As far as immigration, that effect is already built into the trend as it’s running now. I don’t see that factor increasing, though there are a number of potential scenarios that could see show a rapid and significant decrease. (Say, if the fall election goes a certain way.)

  • I do indeed look at the long game – but I don’t think we’re 30 years from where being on a great lake is widely understood to be a gamechanger. I’d say 10, tops, with climate change accelerating infrastructure issues across the SW and SE and other parts of the world.

    On immigration, that figure is about as low as it’s ever been, it actually has plenty of historical precedent to go up if anything. If Trump wins Chicago’s population changes will be the least of America’s problems.

    I guess I have a far more optimistic view of Chicago than most based on my personal experience here. Nothing happening today strikes me as insane as the Bernie Epton/Harold Washington campaign, the City grinding to a halt during the 79 Great Blizzard (which led to the ouster of Bilandic), homicides routinely approaching 1,000 a year in the early and mid 90s, the Heat Wave summer of 95, etc. We’ll be fine.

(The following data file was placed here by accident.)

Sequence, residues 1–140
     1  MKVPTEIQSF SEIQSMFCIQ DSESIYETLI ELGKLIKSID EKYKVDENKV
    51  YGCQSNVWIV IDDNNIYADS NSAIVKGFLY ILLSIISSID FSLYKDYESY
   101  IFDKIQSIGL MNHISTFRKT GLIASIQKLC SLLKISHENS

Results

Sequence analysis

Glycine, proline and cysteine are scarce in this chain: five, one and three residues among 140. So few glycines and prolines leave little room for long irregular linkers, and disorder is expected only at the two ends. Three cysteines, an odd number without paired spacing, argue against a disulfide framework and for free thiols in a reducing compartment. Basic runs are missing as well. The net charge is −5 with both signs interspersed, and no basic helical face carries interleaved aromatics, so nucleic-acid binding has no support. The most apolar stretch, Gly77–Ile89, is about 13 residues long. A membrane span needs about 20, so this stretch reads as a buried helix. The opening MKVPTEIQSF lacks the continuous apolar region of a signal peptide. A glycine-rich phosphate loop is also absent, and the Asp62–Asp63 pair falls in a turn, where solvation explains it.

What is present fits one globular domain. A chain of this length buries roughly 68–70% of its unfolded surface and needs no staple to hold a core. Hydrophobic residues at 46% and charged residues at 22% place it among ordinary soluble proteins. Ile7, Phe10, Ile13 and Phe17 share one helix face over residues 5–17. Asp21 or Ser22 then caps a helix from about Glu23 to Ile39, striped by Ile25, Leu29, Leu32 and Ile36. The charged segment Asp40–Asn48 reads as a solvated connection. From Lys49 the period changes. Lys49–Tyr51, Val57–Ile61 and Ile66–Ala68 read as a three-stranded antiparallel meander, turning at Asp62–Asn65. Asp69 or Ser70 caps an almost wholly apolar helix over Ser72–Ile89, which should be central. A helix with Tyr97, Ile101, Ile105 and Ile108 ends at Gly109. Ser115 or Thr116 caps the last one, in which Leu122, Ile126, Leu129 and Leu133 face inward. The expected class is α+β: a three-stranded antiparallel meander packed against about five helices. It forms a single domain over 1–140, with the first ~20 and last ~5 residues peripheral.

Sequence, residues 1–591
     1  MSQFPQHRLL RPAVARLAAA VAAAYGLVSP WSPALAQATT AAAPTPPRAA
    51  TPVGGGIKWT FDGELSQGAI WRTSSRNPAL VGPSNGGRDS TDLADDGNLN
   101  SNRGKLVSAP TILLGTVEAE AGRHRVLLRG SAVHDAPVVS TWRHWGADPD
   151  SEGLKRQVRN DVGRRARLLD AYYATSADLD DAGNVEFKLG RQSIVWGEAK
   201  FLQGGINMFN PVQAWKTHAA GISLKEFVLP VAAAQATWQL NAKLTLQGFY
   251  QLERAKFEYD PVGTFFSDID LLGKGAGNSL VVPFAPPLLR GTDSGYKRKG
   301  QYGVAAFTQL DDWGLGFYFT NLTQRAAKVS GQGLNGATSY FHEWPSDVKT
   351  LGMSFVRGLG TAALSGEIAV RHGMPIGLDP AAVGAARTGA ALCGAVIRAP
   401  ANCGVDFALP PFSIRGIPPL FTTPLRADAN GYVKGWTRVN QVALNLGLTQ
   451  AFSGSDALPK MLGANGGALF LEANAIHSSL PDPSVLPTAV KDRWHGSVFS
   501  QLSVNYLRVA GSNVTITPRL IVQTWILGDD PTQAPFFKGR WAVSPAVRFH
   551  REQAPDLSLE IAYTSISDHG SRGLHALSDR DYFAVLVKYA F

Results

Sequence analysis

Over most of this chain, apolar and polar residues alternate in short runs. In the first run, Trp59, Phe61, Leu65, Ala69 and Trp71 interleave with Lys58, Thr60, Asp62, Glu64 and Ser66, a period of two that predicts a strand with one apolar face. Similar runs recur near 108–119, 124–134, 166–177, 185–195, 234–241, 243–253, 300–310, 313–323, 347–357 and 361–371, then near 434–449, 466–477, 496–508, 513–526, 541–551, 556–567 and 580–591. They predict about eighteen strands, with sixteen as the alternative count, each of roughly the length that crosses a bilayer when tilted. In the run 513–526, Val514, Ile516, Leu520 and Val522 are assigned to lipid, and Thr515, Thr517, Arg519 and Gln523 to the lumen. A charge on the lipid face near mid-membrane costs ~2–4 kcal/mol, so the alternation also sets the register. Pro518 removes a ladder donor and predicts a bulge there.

• what_eva

    What impact on sprawl does a commuter rail expansion have? Is Metra expanding to Kendall a good idea? My gut says no.

  • rohmen

    “Families will flee the school system at an increased pace, and they’ll be replaced mostly by young singles.”

    This is happening in many major cities, and it’s going to have potentially interesting impacts going forward. Increasingly, the core neighborhoods within 5 miles of the loop (and similar CBD in major, popular cities) are becoming populated either by people who do not yet have (and may never have) kids, or people that have families and can afford high rents and mortgages (i.e., the fairly well off). That’s not all bad, or even avoidable, but at some point it’s going to have to become a bigger part of the conversation when we talk about transit.

    Many people talk about the evils of sprawl, and would like to see more compact cities with higher density, but we’re literally creating cities now where only a select few can afford to live in the neighborhoods close to downtown with good transit options. All of the new TOD developments (except for the LGBT-friendly development announced today) have been on the pretty extreme high end for rents. That’s fine, and losing a car can help afford the increase, but that does automatically exclude a huge percentage of people right from the start, and telling those that are pushed to the fringes that they shouldn’t have moved to the fringes to begin with when they have to drive everywhere isn’t going to be a solution.

  • Fred

    It may or may not. More likely the new stations will just steal riders that are currently driving up to the Aurora or Rt 59 stations.

    The best part of extending into Kendall County will be that residents will have to start paying the RTA tax. Currently Kendall residents are benefiting from Metra without paying for it.